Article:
INSIDE EDITION Investigates Bike Theft
If you've ever had your bike stolen, you know, it's not likely you'll ever see it again. INSIDE EDITION wanted to see what would happen if we locked a bike up on a street in New York City. Could we catch a thief? Lisa Guer
It's a crime that is rarely solved. Brazen thieves making off with your bike. And it happens more than 200,000 times a year.
Casey Neistat of New York City is one of the many victims. He rides his bike to work everyday, but said he's had seven of them stolen.
"This past summer, in the month of July, I had two stolen," said Neistat.
So INSIDE EDITION wanted to see what would happen if we locked up a bike in New York City. Would it get stolen? And if so, would it be possible to catch a thief?
First stop, Bicycle Habitat, a high-end bike shop where we picked up a moutain bike, which sells for about $1,400.
Next, we asked anti-theft expert, Jason Cecchettini, to hide a tracking device on the bike. He runs a website called baitbike.com.
"We can pick up the signal directly with the receiver and it will take us right to where the bike is located," said Cecchettini.
Then, INSIDE EDITION's Lisa Guerrero rode the bike in downtown Manhattan, a hot spot for bike theives. She locked it up and went on her way.
Guerrero expected to be stuck in a surveillance van parked 50 feet away for the rest of the day. Nope—it took just 16 minutes after she locked up the bike for a guy to show up. In an instant, he clipped the lock, and off he went.
It's impossible to follow him in New York City traffic, but not to worry, the tracking device worked like a charm.
As INSIDE EDITION tracked him in a car, our bike emitted a live GPS signal that can be tracked right on Cecchettini's cell phone.
"It shows him southbound on FDR drive approaching East Houston street," said Cecchettini.
Finally, the signal pinpointed it to an apartment complex on the Lower East Side.
Our expert took out his portable tracking device which instantly picked up a radio signal from our bike. To our amazement, we saw our suspect walking right at us. He didn't have the bike, but it sure did look like our bike seat on the ground near him.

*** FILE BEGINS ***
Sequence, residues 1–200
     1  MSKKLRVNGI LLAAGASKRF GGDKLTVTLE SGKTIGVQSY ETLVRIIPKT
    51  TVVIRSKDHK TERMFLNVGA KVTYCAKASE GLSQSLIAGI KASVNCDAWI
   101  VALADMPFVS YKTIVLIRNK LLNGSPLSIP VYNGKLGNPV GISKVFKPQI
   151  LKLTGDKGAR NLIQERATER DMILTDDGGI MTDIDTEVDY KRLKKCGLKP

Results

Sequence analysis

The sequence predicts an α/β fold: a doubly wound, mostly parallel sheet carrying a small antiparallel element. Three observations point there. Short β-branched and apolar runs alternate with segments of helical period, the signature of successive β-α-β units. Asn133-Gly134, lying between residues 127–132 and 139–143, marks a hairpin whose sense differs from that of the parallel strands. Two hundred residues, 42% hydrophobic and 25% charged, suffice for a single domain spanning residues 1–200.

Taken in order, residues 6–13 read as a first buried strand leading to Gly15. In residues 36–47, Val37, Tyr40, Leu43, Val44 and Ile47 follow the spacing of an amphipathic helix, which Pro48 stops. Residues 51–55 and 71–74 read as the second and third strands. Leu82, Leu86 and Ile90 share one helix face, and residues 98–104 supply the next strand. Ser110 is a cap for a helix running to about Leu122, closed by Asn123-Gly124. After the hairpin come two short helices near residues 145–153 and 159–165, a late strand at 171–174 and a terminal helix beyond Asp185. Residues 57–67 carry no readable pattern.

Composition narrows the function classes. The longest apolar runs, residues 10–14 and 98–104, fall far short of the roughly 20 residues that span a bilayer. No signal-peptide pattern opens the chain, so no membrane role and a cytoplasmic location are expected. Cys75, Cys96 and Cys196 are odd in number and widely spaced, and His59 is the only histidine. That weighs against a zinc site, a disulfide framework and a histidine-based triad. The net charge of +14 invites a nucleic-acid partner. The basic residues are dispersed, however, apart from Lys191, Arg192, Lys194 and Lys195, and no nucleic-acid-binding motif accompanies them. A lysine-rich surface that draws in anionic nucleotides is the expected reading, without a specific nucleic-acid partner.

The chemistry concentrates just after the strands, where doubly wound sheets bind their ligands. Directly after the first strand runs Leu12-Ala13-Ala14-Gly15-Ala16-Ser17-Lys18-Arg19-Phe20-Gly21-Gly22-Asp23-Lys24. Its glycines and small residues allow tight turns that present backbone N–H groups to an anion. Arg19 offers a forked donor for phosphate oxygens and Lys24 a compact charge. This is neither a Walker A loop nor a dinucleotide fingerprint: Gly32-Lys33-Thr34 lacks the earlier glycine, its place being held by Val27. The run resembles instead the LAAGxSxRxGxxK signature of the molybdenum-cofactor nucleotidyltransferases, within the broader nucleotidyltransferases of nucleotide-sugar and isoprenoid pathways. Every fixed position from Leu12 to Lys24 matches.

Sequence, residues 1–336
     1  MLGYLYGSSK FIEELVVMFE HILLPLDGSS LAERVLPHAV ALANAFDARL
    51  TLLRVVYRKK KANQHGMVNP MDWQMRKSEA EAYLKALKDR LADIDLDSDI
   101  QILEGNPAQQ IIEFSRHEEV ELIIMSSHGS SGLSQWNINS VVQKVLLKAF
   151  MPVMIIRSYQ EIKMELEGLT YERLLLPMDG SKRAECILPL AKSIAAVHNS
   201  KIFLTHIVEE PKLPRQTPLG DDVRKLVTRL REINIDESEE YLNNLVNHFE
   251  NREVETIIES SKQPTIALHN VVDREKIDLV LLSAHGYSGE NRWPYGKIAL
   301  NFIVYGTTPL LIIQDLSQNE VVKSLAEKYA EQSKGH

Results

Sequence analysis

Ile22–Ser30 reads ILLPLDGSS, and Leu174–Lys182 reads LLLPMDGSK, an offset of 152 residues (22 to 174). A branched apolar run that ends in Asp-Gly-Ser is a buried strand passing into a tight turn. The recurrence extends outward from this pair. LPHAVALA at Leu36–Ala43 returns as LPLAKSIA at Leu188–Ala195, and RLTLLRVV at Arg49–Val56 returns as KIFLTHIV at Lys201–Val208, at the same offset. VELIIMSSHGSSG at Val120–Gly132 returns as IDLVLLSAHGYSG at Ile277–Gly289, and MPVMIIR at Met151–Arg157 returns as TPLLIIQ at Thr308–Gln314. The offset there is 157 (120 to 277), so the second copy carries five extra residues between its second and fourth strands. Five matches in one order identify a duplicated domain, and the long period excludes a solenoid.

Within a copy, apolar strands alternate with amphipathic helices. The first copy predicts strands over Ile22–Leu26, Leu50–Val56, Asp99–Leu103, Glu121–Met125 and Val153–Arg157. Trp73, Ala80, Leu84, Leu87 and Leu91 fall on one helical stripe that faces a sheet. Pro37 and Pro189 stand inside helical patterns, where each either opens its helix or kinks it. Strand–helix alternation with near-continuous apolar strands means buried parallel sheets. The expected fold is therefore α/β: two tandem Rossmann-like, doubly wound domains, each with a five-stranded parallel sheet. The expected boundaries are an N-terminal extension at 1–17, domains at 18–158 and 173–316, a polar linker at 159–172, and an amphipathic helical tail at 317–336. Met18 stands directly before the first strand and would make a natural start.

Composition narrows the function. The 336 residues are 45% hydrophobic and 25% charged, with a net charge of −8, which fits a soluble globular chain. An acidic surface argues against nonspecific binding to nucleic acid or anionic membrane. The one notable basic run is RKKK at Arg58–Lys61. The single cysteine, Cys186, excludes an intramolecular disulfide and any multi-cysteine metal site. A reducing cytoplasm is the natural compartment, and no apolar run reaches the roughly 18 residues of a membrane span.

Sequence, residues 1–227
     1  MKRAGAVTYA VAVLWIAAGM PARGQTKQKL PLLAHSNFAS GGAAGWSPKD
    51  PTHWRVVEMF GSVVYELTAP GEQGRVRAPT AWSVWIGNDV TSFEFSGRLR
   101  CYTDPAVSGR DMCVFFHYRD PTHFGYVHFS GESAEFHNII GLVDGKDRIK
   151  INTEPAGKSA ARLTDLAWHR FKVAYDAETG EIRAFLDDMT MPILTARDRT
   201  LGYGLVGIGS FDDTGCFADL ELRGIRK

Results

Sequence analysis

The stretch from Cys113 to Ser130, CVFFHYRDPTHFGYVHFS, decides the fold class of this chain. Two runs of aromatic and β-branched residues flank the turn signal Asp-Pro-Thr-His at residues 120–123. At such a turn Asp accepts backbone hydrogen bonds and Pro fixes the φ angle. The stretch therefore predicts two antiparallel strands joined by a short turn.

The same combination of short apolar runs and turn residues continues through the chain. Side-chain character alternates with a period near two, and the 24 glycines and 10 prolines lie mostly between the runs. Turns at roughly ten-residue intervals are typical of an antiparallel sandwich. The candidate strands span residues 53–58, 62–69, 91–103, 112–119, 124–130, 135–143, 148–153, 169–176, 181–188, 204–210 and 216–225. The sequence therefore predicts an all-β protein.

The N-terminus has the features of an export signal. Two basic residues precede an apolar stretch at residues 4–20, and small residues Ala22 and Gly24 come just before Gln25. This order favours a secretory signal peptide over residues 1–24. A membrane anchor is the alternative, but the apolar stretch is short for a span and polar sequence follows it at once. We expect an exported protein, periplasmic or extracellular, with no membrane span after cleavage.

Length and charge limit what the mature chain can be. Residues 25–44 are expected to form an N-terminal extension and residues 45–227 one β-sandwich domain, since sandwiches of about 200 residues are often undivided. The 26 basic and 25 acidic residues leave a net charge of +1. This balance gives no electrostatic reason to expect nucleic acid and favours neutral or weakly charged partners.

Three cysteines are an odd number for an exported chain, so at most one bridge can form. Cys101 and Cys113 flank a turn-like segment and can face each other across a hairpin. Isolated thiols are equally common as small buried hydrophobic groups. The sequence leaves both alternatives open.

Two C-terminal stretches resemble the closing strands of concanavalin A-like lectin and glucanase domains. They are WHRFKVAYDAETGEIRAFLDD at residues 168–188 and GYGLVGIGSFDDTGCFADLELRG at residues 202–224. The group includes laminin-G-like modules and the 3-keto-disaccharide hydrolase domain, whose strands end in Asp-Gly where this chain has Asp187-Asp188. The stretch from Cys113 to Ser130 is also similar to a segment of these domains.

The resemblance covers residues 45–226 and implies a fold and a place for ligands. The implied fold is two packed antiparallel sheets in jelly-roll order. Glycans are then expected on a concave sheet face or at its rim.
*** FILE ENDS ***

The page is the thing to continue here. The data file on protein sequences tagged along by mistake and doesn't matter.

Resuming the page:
Guerrero approached the man and said, "I'm Lisa Guerrero with the TV show INSIDE EDITION and you just stole our bike."
The man replied, "I didn't steal your bike, some other white guy stole your bike and he told me if I fix the seat, he'll give me money."
But he looked just like the guy we videotaped swiping our bike on the other side of town. The man was 38-year-old Andy Bolta and he had a long rap sheet, including prison time for assault and attempted robbery.
INSIDE EDITION producer Larry Posner called 911 and said, "We're at East 6th street by Avenue D. The person who stole the bike is here right now."
We showed the police our video and Bolta was arrested for grand larceny.
But where was our bike? The GPS signal led us, and the police, to an apartment building. As we entered the building, someone yelled out from an upper floor, "Ma, hide the bike, they're coming!"
The kid was right about that: we were coming. Floor by floor, the search was on. Using the GPS device, Cecchettini said, "We're getting closer, as we go up in the floors the signal gets stronger."
Finally, on the 11th floor, there it was.
The bike wasn't even sitting in someone's apartment. We found it sitting right out in hallway of the 11th floor of the building.
So for thieves thinking about swiping another bike, forget about it! Because the next bike you try to steal could be an INSIDE EDITION bait bike.
That theif, Andy Bolta, pleaded guilty to grand larceny and was sentenced to one year in jail.
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